Already in Carolingian times, temperance carried a torch and poured water with a jug….. The presence of these attributes refers us to patristic sources, for Julianus Pomerius –a Christian priest in 5th century Gaul– explains to us that the main activity of temperance is to extinguish the flames of passion: Ignem libidinosae voluptatis extinguit / It –temperance– extinguishes the fire of lustful pleasure.”

Description of the characters:

At the top, on the left side of the engraving, it is easy to see a couple who are in a scene in a theater with an audience and orchestra. These are the two protagonists of the story and the protagonists of the Great Work. On the right we see two columns: one that several characters measure with a lot of instruments –square, compass, lead wire, etc., etc.– and the other column that, in midway is covered by the clouds of a starry night, with a sun and a moon in the firmament. There the macrocosm –the Universe– is alluded to and the Earth represents the microcosm. Both cosmos correspond to each other because what is above is as what is below and vice versa, what is below is as what is above. Everything is controlled by the Sun and the Moon, primordial reference to the Gnostic Arché constituted by the two primordial substances ─Sulfur and Mercury─. Therein lies the reason why we see two men trying to measure the Universe and the terrestrial globe, because there is a need to know that all the laws of the Universe are also contained in the human being.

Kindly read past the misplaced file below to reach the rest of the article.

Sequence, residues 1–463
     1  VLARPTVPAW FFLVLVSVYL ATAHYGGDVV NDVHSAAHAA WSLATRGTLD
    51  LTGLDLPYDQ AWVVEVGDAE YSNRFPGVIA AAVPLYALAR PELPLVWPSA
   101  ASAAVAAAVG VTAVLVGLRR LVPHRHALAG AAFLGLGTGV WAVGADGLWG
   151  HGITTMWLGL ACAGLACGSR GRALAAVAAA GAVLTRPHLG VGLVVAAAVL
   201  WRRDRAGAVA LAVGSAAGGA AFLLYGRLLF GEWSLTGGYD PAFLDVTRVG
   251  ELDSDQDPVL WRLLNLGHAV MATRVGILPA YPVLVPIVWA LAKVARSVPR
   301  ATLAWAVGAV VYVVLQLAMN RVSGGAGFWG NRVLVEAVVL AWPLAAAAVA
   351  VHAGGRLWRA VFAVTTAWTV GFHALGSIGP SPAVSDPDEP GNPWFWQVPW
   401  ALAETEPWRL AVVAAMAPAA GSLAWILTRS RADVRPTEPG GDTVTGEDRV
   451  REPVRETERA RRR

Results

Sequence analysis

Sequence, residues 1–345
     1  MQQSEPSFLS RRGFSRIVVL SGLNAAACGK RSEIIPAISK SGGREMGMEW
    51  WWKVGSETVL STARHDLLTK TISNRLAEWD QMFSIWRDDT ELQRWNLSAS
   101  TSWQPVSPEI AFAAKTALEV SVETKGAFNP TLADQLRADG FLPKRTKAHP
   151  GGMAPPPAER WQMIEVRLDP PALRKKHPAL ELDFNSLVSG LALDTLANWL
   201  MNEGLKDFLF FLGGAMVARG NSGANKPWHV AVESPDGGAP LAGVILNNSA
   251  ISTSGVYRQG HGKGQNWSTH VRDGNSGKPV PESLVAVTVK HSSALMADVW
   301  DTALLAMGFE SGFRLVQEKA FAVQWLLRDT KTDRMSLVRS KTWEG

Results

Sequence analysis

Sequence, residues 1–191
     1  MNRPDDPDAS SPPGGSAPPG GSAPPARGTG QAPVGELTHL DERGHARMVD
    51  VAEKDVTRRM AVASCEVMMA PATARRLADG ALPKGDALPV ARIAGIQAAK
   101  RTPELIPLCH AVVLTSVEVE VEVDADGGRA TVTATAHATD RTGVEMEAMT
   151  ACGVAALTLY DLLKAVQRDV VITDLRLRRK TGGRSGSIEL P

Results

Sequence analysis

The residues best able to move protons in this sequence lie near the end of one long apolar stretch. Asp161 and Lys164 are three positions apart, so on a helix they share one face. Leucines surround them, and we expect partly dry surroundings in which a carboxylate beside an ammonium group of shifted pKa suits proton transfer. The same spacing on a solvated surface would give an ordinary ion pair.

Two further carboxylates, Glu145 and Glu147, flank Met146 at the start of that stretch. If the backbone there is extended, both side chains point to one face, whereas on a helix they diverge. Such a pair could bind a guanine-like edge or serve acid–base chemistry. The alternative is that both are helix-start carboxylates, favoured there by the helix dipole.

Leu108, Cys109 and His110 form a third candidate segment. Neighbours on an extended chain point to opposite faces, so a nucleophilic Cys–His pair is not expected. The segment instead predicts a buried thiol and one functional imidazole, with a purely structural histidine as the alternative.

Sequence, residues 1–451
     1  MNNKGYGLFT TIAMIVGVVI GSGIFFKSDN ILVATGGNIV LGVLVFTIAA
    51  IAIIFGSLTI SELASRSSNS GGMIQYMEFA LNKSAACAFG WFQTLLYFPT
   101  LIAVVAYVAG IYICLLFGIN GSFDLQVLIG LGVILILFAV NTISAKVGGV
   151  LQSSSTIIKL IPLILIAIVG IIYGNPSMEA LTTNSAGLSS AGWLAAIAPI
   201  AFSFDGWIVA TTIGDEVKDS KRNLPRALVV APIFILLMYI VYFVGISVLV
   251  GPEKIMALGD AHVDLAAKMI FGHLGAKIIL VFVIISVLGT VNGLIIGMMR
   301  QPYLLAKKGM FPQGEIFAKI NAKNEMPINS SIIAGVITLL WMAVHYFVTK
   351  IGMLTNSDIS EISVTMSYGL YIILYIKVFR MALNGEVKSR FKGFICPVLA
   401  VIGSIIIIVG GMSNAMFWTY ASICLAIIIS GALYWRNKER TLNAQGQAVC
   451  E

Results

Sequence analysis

These two columns point out the need for them to be created within us by means of great industriousness, that is, with a lot of patience and taking into account the fundamentals of the alchemical work. Both columns clearly point to the SULFUR and the MERCURY of the Secret Philosophy.

Very interesting is the stone on which a man is drawn and that a worker measures with a square. All these little men that we see in this engraving represent the various parts of the BEING helping us in the crystallization of our Stone. In this meticulous work, we must always remain in the RIGHT WAY OF FEELING, RIGHT WAY OF THINKING and RIGHT WAY OF ACTING; that is what the square stands for.